August 4, 2012

Filthy Review - 'Scalene'

Scalene (2011)

Review by Jude Felton

Director Zack Parker’s previous movie, the brooding Quench, was in my opinion a good solid independent movie. It didn’t attack the viewer with all guns-a-blazing; instead it took a slow and methodical approach to delivering its horror. Fast forward to the present day, and we now get to see Parker’s follow-up feature; the quite mesmerizing Scalene.

I will tell you right now that Scalene is not a horror film, it is quite horrifying in places, yet it falls more into the thriller category (for those that like their films neatly slotted into genres). So what is Scalene all about? Well, a scalene triangle is a triangle in which all of the interior angles are different and has sides of a different length. Such is the film, Scalene, it tells one shocking story from three different perspectives; there’s the loving mother, the mute son and the college student sitter.

To tell too much of the plot would really do the film a disservice, other than to say the three stories all tell their side of an accusation of sexual assault; the story preceding the event and the repercussions after. It’s all very well crafted and is often the case with a good story, little bits are revealed to you over time, until you get the complete picture.

The first thing I noticed about Scalene, in comparison to Parker’s Quench, was that the film was a far more accomplished effort. Scalene is still very much an independent movie, yet on a technical and visual level you can tell that Parker has developed incredibly as a filmmaker.

On top of this Scalene is built around three incredible lead performances. Margo Martindale is an absolute powerhouse as Janice Trimble; the mother. It’s a quite incredible showing to be honest. She is ably supported by Hanna Hall, as the sitter Paige, and Adam Scarimbolo as Janice’s son Jakob, who plays the role incredibly well as a mute.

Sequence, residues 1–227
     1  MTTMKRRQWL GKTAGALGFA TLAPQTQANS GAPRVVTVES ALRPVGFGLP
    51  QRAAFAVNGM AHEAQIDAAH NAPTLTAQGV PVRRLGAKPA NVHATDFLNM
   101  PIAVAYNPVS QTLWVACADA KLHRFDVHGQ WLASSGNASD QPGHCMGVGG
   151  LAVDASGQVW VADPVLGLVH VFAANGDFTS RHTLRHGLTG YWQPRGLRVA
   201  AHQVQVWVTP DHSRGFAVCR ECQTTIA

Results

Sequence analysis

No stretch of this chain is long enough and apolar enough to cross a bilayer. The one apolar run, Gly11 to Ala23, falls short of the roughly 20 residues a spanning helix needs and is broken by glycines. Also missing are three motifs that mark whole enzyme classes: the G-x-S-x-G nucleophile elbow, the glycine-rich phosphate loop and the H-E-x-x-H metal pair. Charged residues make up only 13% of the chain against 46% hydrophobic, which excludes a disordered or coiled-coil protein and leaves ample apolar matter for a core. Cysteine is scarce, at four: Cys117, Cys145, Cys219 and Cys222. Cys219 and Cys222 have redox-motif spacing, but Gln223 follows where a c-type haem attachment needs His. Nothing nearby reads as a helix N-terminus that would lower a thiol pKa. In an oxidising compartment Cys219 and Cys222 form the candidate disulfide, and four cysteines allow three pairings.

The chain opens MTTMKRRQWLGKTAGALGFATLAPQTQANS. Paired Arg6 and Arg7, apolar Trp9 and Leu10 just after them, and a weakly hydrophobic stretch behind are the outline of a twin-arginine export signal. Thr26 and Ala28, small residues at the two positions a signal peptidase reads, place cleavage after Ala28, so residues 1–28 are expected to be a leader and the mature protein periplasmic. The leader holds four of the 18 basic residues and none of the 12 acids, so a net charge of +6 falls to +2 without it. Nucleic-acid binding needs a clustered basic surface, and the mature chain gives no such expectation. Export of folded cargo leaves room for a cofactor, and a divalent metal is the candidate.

Performances alone can’t always carry a film, and in the case of Scalene they just back up the well-crafted plot. Sure, in the grand scheme of things, Scalene is a downbeat movie. Hey, I am just warning you, but who said all movies should be happy-go-lucky excursions into frivolity? I want all emotions tapped into when I watch a film. Ok, so maybe not all of them, but a film like this will stick in my mind far longer than something that wraps everything up in a joyously upbeat turn of events. Yes, there is a place for that kind of movie, but Scalene is not one of those movies. Don’t get me wrong, Scalene won’t assault you in the manner that something like Martyrs did, but it will have an effect on you.

Overall, Scalene is a damned good movie. It sets out to deliver on the promise of its title and unravels its deceptively simple plot with great skill. Zack Parker has taken a great leap forward in his craft with this film, so I can only imagine what he will come up with next.

Scalene is available now on Blu-ray and DVD from Breaking Glass Pictures.

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